More millennials around the world are disillusioned with democracy than previous generations, according to a study released Monday by the University of Cambridge.
The university’s Centre for the Future of Democracy found that among 18- to 34-year-olds, 55 percent are unhappy with democracy, compared to 45 percent among Generation X, those born between 1965 and 1980.
The report noted that at no point did a majority of baby boomers, or those born between 1944 and 1964, feel the same amount of dissatisfaction with democracy.
"This is the first generation in living memory to have a global majority who are dissatisfied with the way democracy works while in their twenties and thirties," Roberto Foa, lead author of the report from Cambridge's Department of Politics and International Studies, said in a statement announcing the report’s release.
The data, collected from more than 4.8 million people around the world since 1973, also found that younger generations have become increasingly disenchanted with democracies in the United States, Latin America, sub-Saharan Africa and southern Europe.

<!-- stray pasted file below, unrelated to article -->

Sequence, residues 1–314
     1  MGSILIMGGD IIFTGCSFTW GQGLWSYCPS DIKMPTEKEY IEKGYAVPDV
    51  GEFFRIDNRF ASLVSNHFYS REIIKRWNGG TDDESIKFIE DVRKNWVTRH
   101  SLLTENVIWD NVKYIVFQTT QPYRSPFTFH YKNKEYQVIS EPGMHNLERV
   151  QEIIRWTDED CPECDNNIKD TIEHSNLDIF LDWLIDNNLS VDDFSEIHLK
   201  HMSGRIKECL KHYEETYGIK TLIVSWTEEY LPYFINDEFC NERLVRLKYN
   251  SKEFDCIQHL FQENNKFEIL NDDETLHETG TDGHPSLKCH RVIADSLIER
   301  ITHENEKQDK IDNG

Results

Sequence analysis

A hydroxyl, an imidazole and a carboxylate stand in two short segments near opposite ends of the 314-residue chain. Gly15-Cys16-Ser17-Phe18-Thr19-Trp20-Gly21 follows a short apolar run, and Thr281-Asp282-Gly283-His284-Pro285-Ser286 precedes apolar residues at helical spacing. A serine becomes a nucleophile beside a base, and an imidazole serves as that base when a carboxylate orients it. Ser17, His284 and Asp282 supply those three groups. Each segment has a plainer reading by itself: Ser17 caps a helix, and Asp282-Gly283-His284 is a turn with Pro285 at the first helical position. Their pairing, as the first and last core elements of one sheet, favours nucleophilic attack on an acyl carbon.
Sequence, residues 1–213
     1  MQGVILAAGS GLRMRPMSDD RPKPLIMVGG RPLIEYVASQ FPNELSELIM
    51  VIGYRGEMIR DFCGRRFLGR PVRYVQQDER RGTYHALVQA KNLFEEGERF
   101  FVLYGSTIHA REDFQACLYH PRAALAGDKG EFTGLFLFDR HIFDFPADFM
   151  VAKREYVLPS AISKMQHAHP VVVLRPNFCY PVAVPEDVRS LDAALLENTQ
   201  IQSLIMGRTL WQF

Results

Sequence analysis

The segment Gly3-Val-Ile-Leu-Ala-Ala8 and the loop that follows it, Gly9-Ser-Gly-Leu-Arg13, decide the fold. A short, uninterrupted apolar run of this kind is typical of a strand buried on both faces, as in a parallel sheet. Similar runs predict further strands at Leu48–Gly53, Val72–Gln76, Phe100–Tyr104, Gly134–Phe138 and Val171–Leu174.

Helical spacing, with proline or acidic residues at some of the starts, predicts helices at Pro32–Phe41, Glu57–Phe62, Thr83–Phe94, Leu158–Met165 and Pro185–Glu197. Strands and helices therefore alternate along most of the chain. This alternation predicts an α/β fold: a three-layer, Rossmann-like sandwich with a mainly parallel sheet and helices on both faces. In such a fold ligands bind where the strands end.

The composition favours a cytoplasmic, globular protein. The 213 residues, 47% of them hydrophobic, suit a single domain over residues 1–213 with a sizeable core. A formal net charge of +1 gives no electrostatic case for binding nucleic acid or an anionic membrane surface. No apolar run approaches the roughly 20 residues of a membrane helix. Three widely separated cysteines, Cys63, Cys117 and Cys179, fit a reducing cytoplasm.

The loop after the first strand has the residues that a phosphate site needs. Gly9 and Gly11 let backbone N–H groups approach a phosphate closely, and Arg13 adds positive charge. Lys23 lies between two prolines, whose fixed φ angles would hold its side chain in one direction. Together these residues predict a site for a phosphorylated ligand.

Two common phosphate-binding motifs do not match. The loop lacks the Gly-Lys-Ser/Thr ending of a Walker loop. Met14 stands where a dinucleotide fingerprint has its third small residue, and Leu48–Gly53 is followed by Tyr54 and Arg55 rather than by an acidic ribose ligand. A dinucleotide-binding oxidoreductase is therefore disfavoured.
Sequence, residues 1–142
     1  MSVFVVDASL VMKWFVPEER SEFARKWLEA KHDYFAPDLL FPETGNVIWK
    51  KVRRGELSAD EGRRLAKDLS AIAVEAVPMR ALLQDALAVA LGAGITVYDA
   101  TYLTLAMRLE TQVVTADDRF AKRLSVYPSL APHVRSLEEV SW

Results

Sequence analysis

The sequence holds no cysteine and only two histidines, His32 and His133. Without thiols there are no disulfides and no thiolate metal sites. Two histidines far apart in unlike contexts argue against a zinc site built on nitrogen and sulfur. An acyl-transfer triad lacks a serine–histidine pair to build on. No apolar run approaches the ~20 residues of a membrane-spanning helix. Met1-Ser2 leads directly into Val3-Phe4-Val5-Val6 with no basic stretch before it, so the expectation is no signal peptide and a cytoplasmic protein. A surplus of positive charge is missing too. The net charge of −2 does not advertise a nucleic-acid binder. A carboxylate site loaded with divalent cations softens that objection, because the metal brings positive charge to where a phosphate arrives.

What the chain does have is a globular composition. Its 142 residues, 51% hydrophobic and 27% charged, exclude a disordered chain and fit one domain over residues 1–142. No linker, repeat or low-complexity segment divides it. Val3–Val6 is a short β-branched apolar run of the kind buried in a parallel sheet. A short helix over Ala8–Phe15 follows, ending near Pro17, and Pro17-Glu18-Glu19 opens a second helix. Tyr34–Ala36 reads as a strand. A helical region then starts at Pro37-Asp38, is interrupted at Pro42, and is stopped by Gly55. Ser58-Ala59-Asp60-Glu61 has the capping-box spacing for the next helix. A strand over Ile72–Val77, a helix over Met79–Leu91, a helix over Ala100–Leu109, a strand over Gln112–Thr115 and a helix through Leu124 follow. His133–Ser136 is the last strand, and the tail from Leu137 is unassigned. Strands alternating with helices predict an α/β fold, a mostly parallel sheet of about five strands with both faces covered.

The report cited that one reason for this growing discontent could be that generations are coming of age “who lack either memory of authoritarian rule or the experience of the democracy struggle.”
According to the statement, researchers argue that, in developed democracies, the biggest contributor to growing dissatisfaction is "economic exclusion" caused by high youth unemployment and wealth inequality.
Nations with a relatively equal wealth distribution, such as Iceland or Austria, see only minor generation gaps in attitudes to democracy, while those with persistent wealth inequality — such as the U.S. — have growing divides in perceptions of the effectiveness of democracy.
"Higher debt burdens, lower odds of owning a home, greater challenges in starting a family, and reliance upon inherited wealth rather than hard work and talent to succeed are all contributors to youth discontent," Foa explained in the statement.
The report also found that pro-democracy attitudes increased in countries that have recently elected populist leaders, including Greece, Spain, Hungary and Poland.
"Countries electing populist leaders see sharp turnarounds in disenchantment, to the point where young people appear more satisfied with democracy under populists than under moderates," Daniella Wenger, a co-author of the report, said in the statement.